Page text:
As the last year has taken its toll on America’s workforce, HR will need to prioritize making employees happier.
With a majority of our waking hours spent at work, the impact of the pandemic is keenly felt in our workplaces, no matter the type of work we do. And the stakes are high: psychological research shows us that people who are happy at work, are more engaged, stay longer, and perform better.
While there has been considerable focus on the job satisfaction of the office-based workforce, there has not been enough focus on high-volume workforces. How are the many “essential” workers faring?
We thought it essential to find out, and are pleased to announce the release of The Happiness Report, a detailed look at the satisfaction and wellbeing of high-volume workers in America.
The Happiness Report examines what HR practices, managerial interventions, and benefits most impact employee happiness. It serves as a guide to HR professionals managing high-volume workforces in common jobs (i.e. those roles represented by numerous employees in the company such as a cashier, nurse, cargo loader, or custodian).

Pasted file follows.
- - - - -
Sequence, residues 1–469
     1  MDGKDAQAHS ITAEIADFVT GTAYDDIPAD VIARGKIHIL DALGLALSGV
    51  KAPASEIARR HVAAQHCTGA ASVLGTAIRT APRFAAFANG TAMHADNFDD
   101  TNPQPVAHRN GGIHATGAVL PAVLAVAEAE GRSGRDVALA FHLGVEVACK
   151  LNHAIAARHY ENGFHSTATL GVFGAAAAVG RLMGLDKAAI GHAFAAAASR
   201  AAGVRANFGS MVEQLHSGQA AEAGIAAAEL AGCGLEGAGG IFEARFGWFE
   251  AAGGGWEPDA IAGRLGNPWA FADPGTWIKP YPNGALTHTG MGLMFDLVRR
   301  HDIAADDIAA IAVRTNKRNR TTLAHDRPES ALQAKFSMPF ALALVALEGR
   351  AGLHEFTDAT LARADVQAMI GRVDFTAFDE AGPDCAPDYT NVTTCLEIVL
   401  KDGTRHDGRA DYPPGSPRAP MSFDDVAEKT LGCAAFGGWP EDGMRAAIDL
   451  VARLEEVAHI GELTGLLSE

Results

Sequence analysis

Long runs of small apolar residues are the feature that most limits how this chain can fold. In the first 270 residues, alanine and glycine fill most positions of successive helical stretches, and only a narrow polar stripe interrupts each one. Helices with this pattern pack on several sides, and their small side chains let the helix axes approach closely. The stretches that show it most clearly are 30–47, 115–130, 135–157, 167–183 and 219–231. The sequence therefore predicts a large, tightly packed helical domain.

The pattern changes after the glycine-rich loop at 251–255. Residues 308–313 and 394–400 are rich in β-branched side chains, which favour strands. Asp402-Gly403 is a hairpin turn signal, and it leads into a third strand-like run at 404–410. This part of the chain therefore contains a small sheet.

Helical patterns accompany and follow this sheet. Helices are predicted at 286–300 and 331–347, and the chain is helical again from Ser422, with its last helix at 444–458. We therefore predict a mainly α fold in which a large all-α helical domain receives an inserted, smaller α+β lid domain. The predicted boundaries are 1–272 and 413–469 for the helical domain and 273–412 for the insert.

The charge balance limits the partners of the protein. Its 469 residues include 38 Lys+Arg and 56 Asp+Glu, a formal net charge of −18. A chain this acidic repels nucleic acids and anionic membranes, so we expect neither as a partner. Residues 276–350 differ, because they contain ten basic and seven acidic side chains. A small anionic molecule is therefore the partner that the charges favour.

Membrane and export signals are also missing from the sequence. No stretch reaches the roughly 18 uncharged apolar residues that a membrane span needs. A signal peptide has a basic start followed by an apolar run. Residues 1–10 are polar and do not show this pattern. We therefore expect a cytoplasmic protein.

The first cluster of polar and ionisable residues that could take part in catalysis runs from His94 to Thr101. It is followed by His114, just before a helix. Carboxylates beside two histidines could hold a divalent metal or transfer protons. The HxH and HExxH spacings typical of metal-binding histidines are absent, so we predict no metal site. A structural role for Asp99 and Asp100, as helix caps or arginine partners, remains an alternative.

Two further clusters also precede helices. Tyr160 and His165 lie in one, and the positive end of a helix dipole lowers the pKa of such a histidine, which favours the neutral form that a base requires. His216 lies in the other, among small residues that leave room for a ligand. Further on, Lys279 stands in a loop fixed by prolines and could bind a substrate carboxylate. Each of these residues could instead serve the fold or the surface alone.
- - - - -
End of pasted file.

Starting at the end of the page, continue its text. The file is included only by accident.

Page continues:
We surveyed over 1,000 workers of common jobs across the United States. Findings demonstrated the breadth of repercussions the pandemic has and continues to have across high-volume industries as diverse as retail, hospitality, logistics, healthcare, and more.
Key insights from the report include:
- When job satisfaction changed during the pandemic, it was more likely to drop. Over 1 in 4 respondents became less satisfied at work.
- In a year of uncertainty, job security and good pay are top priorities for workers
- Most employees think their employers responded well to the pandemic
- Around half of job seekers rank communication and easy-to-use apply experiences as priorities when applying for jobs
Get your copy of the report now to learn more.